"It's a new day for wolves in more ways than one. The Yellowstone wolves have been given a new lease on life and so has the principle that science - not politics - should guide wildlife restoration efforts in America," said Rodger Schlickeisen, president of Defenders of Wildlife.

"We’re delighted and relieved that the appeals court has saved these wolves from summary execution," said Doug Honnold of Earthjustice Legal Defense Fund, the lawyer who argued the case on behalf of Predator Conservation Alliance, Sinapu, and Gray Wolf Committee. "Now the hard work begins - making sure that the wolves and their habitat are truly protected."

The appeals court addressed three important issues in its ruling. First, the court determined what conditions must be met before the USFWS may reintroduce an endangered species as an "experimental population" and eliminate its legal and habitat protections. Second, the court determined when an "experimental population" must be treated as endangered species because of overlap with naturally occurring populations of the same species.

Third, the court determined that wolves that were not translocated and released by the USFWS could be designated "experimental." USFWS successfully argued that it had discretion to designate naturally occurring wolves as "experimental," a legal precedent that could allow USFWS to remove the legal and habitat protections for any endangered species.

"We are concerned with the part of the opinion upholding USFWS’s ability to define any animals as experimental," said Honnold. "We’ll continue to work to ensure that wolves and the Endangered Species Act are preserved."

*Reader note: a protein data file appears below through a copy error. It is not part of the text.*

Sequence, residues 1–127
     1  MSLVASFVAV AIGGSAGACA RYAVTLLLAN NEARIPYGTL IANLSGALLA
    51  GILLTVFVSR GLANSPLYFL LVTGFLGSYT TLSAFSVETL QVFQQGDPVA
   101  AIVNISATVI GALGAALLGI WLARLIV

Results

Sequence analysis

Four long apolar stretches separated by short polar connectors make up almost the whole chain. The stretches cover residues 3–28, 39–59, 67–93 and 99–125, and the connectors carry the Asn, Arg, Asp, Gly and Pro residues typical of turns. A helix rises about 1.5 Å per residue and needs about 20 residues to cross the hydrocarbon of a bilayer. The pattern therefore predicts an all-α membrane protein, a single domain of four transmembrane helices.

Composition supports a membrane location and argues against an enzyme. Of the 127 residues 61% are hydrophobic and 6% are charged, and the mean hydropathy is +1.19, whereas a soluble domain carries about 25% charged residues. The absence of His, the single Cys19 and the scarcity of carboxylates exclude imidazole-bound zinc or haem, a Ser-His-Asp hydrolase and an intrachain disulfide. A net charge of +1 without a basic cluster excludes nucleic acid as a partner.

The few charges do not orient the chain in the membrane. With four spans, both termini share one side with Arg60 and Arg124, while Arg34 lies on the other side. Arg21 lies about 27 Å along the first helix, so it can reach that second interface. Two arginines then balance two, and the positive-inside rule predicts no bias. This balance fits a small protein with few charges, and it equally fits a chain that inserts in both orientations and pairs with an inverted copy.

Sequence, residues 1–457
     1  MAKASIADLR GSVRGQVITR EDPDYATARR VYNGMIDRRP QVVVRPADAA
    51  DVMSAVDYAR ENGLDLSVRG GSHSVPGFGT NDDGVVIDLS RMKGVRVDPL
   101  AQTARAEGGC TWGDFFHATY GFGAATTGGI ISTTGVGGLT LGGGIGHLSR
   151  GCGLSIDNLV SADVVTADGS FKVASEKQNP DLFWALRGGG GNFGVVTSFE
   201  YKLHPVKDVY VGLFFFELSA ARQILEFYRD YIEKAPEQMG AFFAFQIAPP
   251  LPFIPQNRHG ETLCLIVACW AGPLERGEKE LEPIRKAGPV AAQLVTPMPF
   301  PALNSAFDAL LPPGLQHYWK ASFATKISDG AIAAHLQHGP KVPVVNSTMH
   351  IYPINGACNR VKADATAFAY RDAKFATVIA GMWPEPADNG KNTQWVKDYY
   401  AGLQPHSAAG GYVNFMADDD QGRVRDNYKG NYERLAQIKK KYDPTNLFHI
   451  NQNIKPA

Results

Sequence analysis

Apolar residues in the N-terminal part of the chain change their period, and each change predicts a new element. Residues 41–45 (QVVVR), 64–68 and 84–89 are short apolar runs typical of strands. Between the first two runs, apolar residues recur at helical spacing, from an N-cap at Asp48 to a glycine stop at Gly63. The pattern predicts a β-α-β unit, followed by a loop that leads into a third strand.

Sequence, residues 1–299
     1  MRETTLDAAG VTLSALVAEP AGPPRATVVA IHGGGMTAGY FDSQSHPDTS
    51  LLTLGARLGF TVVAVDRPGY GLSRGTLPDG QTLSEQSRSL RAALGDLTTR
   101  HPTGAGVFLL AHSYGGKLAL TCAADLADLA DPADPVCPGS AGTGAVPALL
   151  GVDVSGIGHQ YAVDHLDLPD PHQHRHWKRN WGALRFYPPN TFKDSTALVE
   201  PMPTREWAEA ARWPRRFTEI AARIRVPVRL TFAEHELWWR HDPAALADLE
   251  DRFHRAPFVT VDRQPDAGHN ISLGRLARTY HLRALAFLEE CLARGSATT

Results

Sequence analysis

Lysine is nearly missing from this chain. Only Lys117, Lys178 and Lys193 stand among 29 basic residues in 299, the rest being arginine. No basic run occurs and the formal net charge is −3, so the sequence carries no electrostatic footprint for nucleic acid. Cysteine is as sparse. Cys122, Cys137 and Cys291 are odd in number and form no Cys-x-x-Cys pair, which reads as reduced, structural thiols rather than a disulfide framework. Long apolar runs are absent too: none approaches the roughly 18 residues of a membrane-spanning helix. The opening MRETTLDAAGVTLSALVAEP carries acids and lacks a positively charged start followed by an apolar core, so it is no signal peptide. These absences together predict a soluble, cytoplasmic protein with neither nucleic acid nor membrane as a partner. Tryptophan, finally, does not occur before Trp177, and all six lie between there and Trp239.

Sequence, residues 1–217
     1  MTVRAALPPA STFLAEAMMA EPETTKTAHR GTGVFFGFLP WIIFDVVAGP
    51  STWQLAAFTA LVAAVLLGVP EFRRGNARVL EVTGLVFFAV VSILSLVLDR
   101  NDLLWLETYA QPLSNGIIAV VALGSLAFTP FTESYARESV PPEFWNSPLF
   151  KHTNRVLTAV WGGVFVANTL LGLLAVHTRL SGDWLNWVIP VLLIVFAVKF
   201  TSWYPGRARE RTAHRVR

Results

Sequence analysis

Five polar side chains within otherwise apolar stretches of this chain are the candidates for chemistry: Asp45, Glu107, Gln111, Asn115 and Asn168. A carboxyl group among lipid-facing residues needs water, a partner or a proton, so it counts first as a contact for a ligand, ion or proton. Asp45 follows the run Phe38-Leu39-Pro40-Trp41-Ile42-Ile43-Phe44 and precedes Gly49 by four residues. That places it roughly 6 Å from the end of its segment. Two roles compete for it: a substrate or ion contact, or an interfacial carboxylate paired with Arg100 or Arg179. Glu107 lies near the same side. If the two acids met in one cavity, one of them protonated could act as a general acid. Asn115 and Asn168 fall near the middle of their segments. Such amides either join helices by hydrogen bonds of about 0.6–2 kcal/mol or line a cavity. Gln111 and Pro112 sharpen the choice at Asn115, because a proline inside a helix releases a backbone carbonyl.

David Gaillard of Predator Conservation Alliance said, "We’re relieved the courts agree that the wolf has a place in the northern Rockies. However, we remain concerned that the government may use this opinion to reduce protections for endangered animals and their habitats."


The appeals court decision will allow wolves to remain in the sanctuary Yellowstone National Park (Two photos courtesy National Park Service)
Others were more optimistic, saying the ruling could help reintroduction efforts elsewhere. "The 10th Circuit decision means that the Endangered Species Act can be used to restore other species in ways that meet local needs," said NWF attorney Tom France, co-counsel on the appeal. "It can help us unite people to bring back species like the grizzly bear and to stop the decline of others. That's a win for everyone."

Defenders of Wildlife president Rodger Schlickeisen noted that, "The wolves are doing better than ever expected . They are reproducing, hunting natural prey, and doing their part to return one of America’s greatest treasures to its healthy, natural state." More than 300 wolves are now found in the region.

"Except for some rare instances in which Defenders of Wildlife has reimbursed the rancher, the wolves are mostly staying away from livestock. It is incomprehensible that the Farm Bureau has been so determined to kill these wolves and their offspring," said Schlickeisen, referring to the efforts of the American Farm Bureau Federation, which was behind the lawsuit, to ban the wolves from the region.


Some 300 gray wolves now roam the rugged landscape of Yellowstone and the surrounding region
Defenders maintains a $200,000 Wolf Compensation Trust to compensate ranchers, at fair market value, for any losses due to wolves.

"Wild wolves need wild places," said Rob Edward of the conservation group Sinapu. "The battle for wilderness for wolves will continue."

10th Circuit court decisions are available at: